Think of him today and in the coming days leading up to his 60th birthday on April 13th when I hope some of you will be able to make it in to see him and celebrate him still being here.

New haircut

The wonderful Sara, Richard & Karen organized for Will to get a haircut and manicure so he is now sporting a cool spring do!

Many thanks to Zoe who is one of the ambulance crew that works with Richard and Karen, who came in to do this for him. He looks like he is enjoying the attention!

Also, Helen Chilvers and Katy (Hooper) Attwater came in on Friday and had a wonderful time with him and noticed how active he was in tracking them with his eyes when they were speaking. I am sure this is a result of how hard the physio-therapists are working with him even though he gets tired at the end of the day. And he visibly melts when they were giving him neck massages and loads of kisses which was lovely to see.

Claire Trigger has also been in again as well as Sara Reeve who continues to check in on him before going home at the end of her long days.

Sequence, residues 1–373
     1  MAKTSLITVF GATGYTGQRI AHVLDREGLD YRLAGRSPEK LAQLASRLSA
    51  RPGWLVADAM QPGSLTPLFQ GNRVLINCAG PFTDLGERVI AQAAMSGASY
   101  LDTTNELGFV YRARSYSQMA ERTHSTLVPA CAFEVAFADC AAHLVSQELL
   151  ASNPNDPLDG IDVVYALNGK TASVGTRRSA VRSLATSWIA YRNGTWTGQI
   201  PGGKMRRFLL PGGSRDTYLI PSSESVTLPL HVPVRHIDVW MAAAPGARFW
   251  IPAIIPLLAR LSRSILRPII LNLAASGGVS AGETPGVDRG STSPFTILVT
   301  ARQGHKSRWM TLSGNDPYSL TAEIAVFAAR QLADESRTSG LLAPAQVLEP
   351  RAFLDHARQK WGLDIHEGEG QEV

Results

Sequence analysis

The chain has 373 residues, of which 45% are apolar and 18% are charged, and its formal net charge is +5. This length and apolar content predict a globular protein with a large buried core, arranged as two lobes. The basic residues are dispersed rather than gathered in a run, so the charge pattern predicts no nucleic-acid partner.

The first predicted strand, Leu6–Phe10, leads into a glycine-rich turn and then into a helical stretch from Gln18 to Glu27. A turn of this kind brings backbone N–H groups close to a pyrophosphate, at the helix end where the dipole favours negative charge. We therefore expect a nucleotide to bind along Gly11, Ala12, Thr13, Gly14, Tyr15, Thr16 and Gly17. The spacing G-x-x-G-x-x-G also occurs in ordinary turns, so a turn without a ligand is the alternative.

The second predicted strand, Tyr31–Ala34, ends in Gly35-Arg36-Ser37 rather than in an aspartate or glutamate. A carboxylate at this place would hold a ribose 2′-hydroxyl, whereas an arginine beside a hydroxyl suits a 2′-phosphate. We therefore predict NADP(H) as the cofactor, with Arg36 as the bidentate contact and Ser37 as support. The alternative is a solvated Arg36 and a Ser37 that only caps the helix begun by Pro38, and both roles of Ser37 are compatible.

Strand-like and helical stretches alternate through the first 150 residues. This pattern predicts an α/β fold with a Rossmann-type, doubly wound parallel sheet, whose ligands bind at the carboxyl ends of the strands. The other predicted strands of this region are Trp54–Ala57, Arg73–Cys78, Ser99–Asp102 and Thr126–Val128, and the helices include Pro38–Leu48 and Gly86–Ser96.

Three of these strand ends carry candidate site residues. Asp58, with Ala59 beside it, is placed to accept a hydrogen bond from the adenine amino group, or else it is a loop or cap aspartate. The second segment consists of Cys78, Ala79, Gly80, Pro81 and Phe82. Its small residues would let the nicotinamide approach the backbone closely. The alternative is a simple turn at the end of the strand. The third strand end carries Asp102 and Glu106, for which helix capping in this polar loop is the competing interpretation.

As spring is around the corner and it will soon be 1 year since he had his accident and a few more weeks to his 60th birthday on April 13th, I would like you all to make a super human effort to make it in to see him.  He has no-one but us to punctuate his long days in hospital and I know how much he enjoys his massages and kisses.

Weekend visitors

I have been quiet these past few weeks just so I could catch up with my own life and see what transpired with Will’s care in the East Surrey hospital and get updates from his visitors.

My thanks to Brigitte Jaquillard, Richard Paddon, Chris Marchington and Holly Spice for visiting his past week and for the ongoing visits from the wonderful Sara Reeves.  Richard and Karen Hartley also visited (after clearing up that awful cold) and his ongoing physiotherapy now includes regular trips outside in his wheelchair to see the sunshine, clouds and trees and hear the birds, something I know he loves. He also gets some sessions to get his legs stronger and other sessions trying to get him to move his eyes in response to cards with yes and no on them.

Will gets some love from his long time friends Richard and Yvonne Paddon who came up again all the way from Devon.

If you haven’t yet been to visit, I encourage you to do so to give him much needed contact and reminiscence therapy which helps to rebuild association and memory.

The staff are doing their best with him especially the different therapy teams who are getting him up and out of bed, sitting in his chair and motivating him.  He could do with a lot more neck massages so be prepared to give them when you visit. He literally melts with pleasure when you do!

I will update as I get more information and the proposed transfer to the specialist hospital.  If you have any questions, please email using the Contact page on this site and I will do my best to respond as quickly as I can.